I am writing this from a workstation area in the Connecticut Convention Center, location for the WE Local Hartford conference.
I arrived in Hartford around 6:30 pm last night, managing to arrive before a snowstorm hit several states in the Northeast (I wanted to make sure I left early as I could for exactly this reason). The conference takes places over two days, although I arrived too late to take part in any Friday activities. Friday night was uneventful; I checked into my hotel, got myself dinner, and retired to my room for the night.
Today (Saturday), for me, is pretty much where all the action has happened. After checking out of the hotel, I went to the convention center, registered, found my room, and went to the main ballroom to get myself breakfast, as well as the opening keynote. I’ll admit that I went primarily for the free breakfast! The keynote was given by Dr. Jenny Gusba, a senior director at Pepsico. She mentioned a couple of things that resonated with me. She talked about taking advantage of your strengths and addressing your weaknesses (or, as she called them, “opportunities”), and also mentioned how her challenge in her work was “how to take science and be able to get the masses to relate to it.” The former addresses things that are in one of my presentations, which the latter is a good description of what I do for a living.
My two presentations went well. Both were well-attended (there were at least twenty people in each), and I had a very receptive audience. A lot of questions and comments (which I encourage) were shared at both sessions. I assume that they solicit session evaluations for these presentations, but so far, the feedback I’ve gotten has been positive!
Pepsico, one of the sponsors for this event, sponsored a “networking lounge,” where I hung out in-between my two sessions. I did strike up a conversation with a young lady from Pepsico who said to me something to the effect of “thank you for supporting (women in engineering)!” That was a nice little acknowledgement of my participation at an event that is dominated by women.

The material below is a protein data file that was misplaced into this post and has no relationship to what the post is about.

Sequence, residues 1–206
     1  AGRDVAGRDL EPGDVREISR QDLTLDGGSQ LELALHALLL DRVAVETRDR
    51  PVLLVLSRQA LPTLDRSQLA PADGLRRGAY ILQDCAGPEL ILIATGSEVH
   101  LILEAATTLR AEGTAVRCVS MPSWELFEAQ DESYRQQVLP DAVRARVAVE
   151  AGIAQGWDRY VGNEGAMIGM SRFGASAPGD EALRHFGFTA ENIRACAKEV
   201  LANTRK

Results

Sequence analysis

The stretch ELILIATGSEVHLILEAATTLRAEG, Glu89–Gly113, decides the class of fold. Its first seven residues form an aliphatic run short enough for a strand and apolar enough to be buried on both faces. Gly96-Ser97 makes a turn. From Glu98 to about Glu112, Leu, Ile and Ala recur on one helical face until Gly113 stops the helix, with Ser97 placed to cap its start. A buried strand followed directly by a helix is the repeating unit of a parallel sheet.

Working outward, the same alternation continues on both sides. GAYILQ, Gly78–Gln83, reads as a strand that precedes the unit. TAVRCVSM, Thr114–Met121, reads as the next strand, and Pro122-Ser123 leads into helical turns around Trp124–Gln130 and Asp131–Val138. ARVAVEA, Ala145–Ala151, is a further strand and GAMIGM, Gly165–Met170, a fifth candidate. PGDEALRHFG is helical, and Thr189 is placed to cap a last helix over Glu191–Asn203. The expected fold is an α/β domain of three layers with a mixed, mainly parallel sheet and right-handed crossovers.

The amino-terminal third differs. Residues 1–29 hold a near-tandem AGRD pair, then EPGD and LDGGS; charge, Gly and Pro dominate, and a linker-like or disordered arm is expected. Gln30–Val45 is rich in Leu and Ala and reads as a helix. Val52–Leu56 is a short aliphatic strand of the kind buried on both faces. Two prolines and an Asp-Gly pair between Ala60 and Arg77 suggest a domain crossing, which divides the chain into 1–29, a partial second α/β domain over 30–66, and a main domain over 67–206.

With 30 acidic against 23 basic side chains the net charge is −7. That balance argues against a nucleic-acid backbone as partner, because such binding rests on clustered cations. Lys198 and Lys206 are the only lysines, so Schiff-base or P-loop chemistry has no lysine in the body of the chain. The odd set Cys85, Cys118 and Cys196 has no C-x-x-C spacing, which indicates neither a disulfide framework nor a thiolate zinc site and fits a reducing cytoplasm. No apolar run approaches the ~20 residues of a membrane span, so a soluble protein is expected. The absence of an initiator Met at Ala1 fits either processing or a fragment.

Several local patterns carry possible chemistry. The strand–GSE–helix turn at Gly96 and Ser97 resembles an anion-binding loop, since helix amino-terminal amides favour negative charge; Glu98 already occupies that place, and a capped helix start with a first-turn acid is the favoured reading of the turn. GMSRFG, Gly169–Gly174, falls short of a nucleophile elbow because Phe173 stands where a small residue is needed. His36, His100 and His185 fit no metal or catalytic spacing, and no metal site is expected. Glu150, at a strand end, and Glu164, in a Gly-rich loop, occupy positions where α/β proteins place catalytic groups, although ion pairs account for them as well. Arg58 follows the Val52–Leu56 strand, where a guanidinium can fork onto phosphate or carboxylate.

Lunch was also an interesting event as well. They billed it as a “power networking” lunch. The rule was that you were not allowed to sit at a table where you knew more than half of the people. (To facilitate this, each ID badge had a sticker on the back that designated your “assigned” table.) I sat at a table along with four young ladies, all (as far as I knew) of whom were students. One was a student at NJIT, and two (who knew each other) were from Ohio State. (I didn’t get much info from the fourth, and she didn’t stay very long.) I found out that they were chemical engineering students. (As it turned out, I happen to know chemical engineers from each of their geographic regions. Hey, more reason to network!) We had a wonderful conversation; I gave them my business card and told them to drop me a line if I could be of assistance.
I thought the networking lunch was a great idea! In my networking presentation (which, unfortunately, I didn’t do today), my attendees get an opportunity to network. When we do so, I tell them that I have one rule: you are not allowed to engage someone you know. You can’t; that defeats the entire purposes of developing networking contacts. Networking is such a huge deal in career development these days; I do have an entire presentation dedicated to it, after all, and I’ve been attending more events where they put an emphasis on networking (including this past PASS Summit). I hope more events schedule activities that facilitate and encourage networking!
I should also mention that this is the second time I have spoken at a WE Local conference (the first was in Buffalo last year), and for me, it’s a bit of an interesting experience. I’ve been speaking at various events (mostly SQL Saturdays) since 2015, but Buffalo last year was the first time that I spoke at an event where the attendees were predominantly female. STEM professions tend to be predominantly male, so there have been efforts by groups such as SWE and WIT to get more girls and women interested in pursuing STEM careers. That comment I got today in the networking lounge meant a lot to me, and I like to think I’m doing my part to contribute.
As I write this, there’s still a couple of hours left in this event. I’m going to see how the rest of the day winds up, maybe do something for dinner, then make the two-hour drive back home. Looks like the weather has cleared, the roads are clear, and I think it should be smooth sailing back home.